Ikarus C42 – possibly the best 3 axis training aircraft

Ikarus C42

The Ikarus C42 is a single-engined high-wing monoplane with side-by-side seats for two in a 1.22 m (48 in) wide cabin. The C42 is manufactured with either an 80 hp (60 kW) Rotax 912 engine or a 100 hp (75 kW) Rotax 912s engine. The Rotax engine has low fuel consumption and relatively low noise. The engine drives the propeller, which has ground-adjustable pitch, through a gearbox with a 2.273:1 reduction ratio.

The aircraft is structurally supported by a ‘backbone’ of large diameter aluminium tube which runs the length of the aircraft. The cabin and fuselage shell is a composite material which, being non-structural, can be removed for inspection and repair.

The wings are constructed of tubular front and rear spars. The wings and flying control surfaces are covered in Kevlar/Mylar/Polyester laminate. The wings can be removed or folded (if an optional folding kit is installed) for storage and transportation. The wing tips are of composite construction which reduces drag and improves low speed handling. Access to the cabin is provided by two Gull-wing doors.


A single centre stick controls the ailerons and elevators. Electrical pitch trim is controlled by two buttons on the top of the stick, operated by the thumb. A push to talk button is on the front of the stick, operated by the index finger, together with a vertical hand-operated brake lever similar to a motorcycle front brake lever.

Rudder pedals are dual control. The distance from the seat to the pedals is fixed because the seat position is not adjustable.

The dual control throttle levers are situated between the legs, and pivot from side to side so can be folded out of the way making entry and exit of the aircraft easier.

The flaps are controlled by a centrally-mounted lever on the roof of the cabin. The relatively short lever does make the operation of lowering flaps quite physical when combined with holding the centre control stick at the same time.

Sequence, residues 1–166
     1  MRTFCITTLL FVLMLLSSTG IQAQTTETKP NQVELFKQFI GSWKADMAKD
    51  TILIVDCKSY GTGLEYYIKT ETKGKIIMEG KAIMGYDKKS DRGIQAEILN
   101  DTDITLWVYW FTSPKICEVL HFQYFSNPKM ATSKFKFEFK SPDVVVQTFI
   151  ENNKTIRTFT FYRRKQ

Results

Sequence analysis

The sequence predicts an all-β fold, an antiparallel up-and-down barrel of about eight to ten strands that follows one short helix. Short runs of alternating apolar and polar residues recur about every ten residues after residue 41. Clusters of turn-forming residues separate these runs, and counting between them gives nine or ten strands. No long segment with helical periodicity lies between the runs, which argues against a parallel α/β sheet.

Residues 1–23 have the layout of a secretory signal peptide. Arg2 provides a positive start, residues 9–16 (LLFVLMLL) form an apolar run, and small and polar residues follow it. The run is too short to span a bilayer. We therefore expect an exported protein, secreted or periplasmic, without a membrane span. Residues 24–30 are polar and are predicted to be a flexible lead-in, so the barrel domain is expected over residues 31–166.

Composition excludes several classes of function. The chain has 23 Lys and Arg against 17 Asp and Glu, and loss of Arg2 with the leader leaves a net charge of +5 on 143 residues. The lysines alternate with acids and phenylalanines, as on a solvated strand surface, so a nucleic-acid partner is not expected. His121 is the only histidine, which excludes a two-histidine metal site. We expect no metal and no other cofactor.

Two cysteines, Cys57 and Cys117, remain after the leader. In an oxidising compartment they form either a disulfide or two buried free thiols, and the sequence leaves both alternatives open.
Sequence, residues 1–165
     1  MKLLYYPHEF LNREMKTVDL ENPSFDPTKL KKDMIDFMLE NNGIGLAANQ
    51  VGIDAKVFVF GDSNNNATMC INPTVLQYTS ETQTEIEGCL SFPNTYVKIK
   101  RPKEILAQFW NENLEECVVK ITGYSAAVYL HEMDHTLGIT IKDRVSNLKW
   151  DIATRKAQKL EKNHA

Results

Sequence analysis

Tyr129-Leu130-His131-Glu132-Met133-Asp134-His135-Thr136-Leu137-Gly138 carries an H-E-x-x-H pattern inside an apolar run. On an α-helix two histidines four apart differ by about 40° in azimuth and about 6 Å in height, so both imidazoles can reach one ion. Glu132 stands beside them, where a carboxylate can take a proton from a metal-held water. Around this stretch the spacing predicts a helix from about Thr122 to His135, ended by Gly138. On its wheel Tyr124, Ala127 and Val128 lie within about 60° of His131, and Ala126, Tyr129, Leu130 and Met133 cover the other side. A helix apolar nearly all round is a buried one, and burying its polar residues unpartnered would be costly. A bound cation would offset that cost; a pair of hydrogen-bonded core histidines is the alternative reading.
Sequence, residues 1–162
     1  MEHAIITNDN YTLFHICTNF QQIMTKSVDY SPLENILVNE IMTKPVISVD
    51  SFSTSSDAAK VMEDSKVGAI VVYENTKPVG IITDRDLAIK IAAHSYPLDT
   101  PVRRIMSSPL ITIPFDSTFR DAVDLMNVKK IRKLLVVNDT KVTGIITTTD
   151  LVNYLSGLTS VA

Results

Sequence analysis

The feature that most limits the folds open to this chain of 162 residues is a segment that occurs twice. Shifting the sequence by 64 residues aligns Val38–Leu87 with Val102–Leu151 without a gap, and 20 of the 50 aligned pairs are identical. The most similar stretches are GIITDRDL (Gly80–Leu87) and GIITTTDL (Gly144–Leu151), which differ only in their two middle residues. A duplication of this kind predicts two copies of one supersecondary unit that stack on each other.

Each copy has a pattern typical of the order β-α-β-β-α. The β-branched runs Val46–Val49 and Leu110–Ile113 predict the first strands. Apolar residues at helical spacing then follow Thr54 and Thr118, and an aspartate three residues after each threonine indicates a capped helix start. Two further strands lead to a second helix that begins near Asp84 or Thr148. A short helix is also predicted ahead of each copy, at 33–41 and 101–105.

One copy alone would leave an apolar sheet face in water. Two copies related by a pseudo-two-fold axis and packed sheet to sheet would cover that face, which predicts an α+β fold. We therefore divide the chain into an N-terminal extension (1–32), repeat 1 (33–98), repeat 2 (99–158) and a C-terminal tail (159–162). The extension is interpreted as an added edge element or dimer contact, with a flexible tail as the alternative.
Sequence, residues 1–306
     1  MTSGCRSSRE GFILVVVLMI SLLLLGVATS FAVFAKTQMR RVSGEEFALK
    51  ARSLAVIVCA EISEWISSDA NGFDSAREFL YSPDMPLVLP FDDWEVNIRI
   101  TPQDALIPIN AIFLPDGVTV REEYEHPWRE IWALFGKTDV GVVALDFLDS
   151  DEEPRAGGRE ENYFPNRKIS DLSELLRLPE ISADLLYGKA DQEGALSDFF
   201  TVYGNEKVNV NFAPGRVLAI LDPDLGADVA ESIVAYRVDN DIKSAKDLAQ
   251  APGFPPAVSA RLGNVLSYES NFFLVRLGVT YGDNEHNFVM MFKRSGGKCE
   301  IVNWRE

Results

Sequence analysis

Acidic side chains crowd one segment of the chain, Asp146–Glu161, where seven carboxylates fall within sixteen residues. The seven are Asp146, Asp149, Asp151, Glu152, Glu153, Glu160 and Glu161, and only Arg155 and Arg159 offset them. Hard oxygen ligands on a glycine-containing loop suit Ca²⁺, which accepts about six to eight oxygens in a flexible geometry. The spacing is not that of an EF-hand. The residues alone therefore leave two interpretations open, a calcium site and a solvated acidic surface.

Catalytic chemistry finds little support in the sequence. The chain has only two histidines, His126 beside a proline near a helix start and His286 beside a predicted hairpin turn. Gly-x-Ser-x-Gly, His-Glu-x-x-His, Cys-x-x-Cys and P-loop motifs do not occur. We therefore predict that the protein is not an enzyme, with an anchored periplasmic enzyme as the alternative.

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Quantum 912

The Pegasus Quantum is a British two-seat, ultralight trike that was designed and produced by Pegasus Aviation and later by P&M Aviation. The aircraft was supplied as a completed aircraft.

In the early 2000s Pegasus Aviation was merged with rival Mainair Sports into P&M Aviation, and production of the Quantum continued but shifted from the Pegasus plant in Marlborough, Wiltshire, to the Mainair factory in Rochdale. As the company rationalized the two aircraft lines, Quantum production ended. By 2012 the manufacturer indicated, “This aircraft is no longer in production…Full spares and support are still available and will remain so for the foreseeable future. Complete aircraft can still be manufactured but by special request only.”

The Quantum was intended as an up-scale touring trike for long distance flying. It was designed to comply with the Fédération Aéronautique Internationale microlight category, including the category’s maximum gross weight of 450 kg (992 lb). It is also certified to comply with UK BCAR Section “S” and German DULV microlight certification. The aircraft has a maximum gross weight of 409 kg (902 lb). It features a cable-braced hang glider-style high-wing, weight-shift controls, a two-seats-in-tandem, open cockpit, tricycle landing gear and a single engine in pusher configuration.

The aircraft is made from bolted-together aluminium tubing, with its double-surface Pegasus Q2 wing covered in Dacron sailcloth. Its 10.4 m (34.1 ft) span wing is supported by a single tube-type kingpost and uses an “A” frame control bar. The Quantum line includes a number of models that incorporate various options packages and engines.

Quantums have been used for a number of record-setting flights, including the first microlight flight around the world, flown by Brian Milton and Keith Reynolds in the Quantum 912 Global Flyer between 14 March – 21 July 1998.

Milton explains why he chose the Quantum at the start of planning for the record-circling flight:

I immediately ordered the latest and most well-proven microlight, a Pegasus Quantum 912. It had a lovely flying wing, with which I was comfortable, and its engine — a Rotax 912 — was four-stroke, four-cylinder, and much more reliable than the two-stroke, two-cylinder engines I had flown until then. It also had dual ignition, two sparking-plugs in each cylinder, a comfort on sea crossings. Even though Keith flew as a test pilot for the rival Medway Microlights, which had a lovely wing too, but a less advanced trike, he was in favour of the choice of a Pegasus 912.

The Quantum was also flown by Simon Baker to win the World Microlight Championships.

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